Posted on June 6, 2019 by admin
HARTFORD – State Representative Tim Ackert (R-8) supported legislation to protect Connecticut lakes and waterways from invasive species. The legislation, HB 6637 “An Act Requiring an Invasive Species Stamp for the Operation of a Motorboat on the Waters of the State” was passed by the House of Representatives on Saturday, June 1st.
The legislation would levy an annual fee for registered water craft to fund aquatic invasive species remediation. The rates would be $5 for in-state vessels and $20 for out-of-state vessels. The bill requires that at least 80% of the funds collected must be used to clear invasive species and conduct public outreach and education to prevent the spread of invasive species.
“Since the time I have served in the legislature the lakes in my district have had to deal with combating one or another type of invasive plants. In Vernon and Bolton, it was Fanwort and myself along with other local legislators were able to secure funding for the treatment of that Lake. Coventry Lake has been battling with success a more aggressive plant, Hydrilla,” said Rep. Ackert. “The answer unfortunately is money and education. Boaters need to clean their vessels to stop the spread from one lake to another and we need to fund the treatment of lakes currently infected by invasive species.”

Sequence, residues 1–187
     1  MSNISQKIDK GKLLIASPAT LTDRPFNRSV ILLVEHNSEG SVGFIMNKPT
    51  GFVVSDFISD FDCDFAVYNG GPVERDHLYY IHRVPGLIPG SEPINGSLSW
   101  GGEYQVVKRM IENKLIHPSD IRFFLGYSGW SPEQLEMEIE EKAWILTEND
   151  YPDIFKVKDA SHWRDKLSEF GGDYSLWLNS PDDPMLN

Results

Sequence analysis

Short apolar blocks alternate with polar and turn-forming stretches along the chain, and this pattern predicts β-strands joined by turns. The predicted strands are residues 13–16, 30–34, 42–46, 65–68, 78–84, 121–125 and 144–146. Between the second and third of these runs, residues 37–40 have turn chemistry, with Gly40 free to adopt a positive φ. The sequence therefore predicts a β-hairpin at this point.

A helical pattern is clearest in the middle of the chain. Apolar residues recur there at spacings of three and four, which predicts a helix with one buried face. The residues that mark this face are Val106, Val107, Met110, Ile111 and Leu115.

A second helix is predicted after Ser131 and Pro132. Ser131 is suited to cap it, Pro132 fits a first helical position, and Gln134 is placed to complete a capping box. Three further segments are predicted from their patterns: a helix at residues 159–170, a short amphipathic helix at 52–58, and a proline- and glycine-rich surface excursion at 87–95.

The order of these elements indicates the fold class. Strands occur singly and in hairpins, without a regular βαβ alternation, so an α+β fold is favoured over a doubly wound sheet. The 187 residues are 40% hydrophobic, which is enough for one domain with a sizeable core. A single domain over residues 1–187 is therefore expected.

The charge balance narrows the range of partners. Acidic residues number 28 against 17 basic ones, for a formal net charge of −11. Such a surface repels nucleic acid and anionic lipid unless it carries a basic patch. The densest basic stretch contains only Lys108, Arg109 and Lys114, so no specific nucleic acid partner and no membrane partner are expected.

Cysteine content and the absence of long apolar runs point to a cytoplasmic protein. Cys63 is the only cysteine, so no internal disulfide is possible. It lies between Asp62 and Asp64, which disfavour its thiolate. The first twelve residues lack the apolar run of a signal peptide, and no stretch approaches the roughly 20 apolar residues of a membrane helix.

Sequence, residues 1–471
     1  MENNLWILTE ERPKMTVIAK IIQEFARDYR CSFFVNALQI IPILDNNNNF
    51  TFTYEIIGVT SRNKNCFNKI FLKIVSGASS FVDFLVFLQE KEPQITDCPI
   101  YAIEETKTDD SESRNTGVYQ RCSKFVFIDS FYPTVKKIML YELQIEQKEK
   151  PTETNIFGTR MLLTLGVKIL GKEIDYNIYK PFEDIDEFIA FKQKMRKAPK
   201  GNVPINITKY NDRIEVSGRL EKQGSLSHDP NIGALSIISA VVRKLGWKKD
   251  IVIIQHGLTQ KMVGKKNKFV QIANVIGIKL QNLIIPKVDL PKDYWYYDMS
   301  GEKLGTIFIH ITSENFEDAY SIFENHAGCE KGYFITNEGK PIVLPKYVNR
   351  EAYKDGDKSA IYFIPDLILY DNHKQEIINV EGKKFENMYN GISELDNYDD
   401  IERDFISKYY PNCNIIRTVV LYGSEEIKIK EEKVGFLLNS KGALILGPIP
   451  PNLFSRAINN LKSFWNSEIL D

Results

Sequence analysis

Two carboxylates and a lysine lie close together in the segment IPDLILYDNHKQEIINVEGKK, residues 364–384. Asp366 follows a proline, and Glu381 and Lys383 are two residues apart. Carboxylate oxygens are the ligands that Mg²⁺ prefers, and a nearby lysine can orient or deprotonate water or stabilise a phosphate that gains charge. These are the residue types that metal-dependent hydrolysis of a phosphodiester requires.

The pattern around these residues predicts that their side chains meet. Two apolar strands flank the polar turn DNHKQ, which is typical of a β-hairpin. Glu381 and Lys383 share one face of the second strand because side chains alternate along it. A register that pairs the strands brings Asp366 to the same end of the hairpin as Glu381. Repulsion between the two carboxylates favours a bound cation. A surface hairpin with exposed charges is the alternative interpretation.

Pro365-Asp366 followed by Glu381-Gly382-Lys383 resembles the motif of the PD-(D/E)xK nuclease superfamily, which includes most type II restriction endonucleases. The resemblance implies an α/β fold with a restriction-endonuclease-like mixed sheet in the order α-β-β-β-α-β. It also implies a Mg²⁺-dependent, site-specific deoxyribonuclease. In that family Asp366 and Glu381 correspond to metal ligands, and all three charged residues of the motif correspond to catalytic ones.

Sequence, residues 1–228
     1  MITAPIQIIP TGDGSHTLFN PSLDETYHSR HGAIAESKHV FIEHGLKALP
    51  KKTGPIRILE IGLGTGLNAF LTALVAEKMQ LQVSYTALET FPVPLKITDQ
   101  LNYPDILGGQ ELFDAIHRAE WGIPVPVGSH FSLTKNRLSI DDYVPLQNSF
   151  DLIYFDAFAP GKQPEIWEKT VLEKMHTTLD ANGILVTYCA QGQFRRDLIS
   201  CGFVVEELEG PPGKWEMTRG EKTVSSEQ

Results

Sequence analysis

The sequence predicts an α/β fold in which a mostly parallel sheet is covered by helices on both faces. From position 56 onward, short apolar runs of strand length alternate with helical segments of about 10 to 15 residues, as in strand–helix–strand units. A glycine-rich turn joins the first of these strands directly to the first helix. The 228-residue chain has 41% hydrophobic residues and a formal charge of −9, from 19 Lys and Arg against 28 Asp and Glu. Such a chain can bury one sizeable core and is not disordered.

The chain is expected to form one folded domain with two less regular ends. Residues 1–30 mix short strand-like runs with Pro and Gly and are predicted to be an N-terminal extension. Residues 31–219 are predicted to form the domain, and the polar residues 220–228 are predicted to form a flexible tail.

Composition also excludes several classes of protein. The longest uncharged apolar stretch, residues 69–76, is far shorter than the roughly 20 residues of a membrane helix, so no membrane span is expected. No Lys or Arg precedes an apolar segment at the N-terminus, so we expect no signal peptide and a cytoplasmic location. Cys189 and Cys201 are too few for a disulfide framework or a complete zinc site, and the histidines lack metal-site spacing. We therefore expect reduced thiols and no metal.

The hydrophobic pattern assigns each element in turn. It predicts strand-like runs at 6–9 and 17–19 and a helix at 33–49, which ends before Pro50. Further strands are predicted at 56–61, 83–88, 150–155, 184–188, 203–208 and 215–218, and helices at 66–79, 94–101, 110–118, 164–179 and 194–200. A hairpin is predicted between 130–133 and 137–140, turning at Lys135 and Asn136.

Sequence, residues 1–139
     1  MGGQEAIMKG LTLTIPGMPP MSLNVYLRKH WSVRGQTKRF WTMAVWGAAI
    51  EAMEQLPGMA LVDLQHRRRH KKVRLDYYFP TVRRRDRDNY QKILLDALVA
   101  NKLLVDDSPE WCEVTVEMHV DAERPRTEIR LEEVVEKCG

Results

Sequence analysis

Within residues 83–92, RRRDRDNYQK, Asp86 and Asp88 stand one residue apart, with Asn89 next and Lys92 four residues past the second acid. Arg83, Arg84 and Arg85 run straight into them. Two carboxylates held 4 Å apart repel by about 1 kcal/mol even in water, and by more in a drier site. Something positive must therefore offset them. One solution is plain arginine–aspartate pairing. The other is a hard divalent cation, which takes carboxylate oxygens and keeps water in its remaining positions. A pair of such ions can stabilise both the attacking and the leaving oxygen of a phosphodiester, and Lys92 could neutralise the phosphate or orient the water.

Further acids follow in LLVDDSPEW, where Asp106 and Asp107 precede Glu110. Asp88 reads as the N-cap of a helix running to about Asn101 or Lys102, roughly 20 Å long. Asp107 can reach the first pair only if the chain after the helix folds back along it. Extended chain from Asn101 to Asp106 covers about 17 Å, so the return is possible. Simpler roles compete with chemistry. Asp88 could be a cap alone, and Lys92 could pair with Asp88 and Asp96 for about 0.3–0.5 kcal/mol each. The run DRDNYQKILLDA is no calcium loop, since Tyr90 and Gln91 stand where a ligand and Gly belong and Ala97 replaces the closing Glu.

The Proposal received broad support from aquatic outdoorsmen, environmental groups and municipal leaders.
The Connecticut Council of Small Towns submitted written testimony in favor of the legislation stating, “Aquatic invasive species are increasingly impacting water quality, recreational use, environmental health, and property values associated with Connecticut water bodies. The recent appearance of Hydrilla in Connecticut poses a severe threat in addition to growing problems stemming from invasive species such as the water chestnut, fanwort, milfoil, zebra mussels, toxic algae, etc.”
The legislation was overwhelmingly approved by the House of Representatives and State Senate on June 5th, if approved by the Governor; the law would take effect January 1, 2020.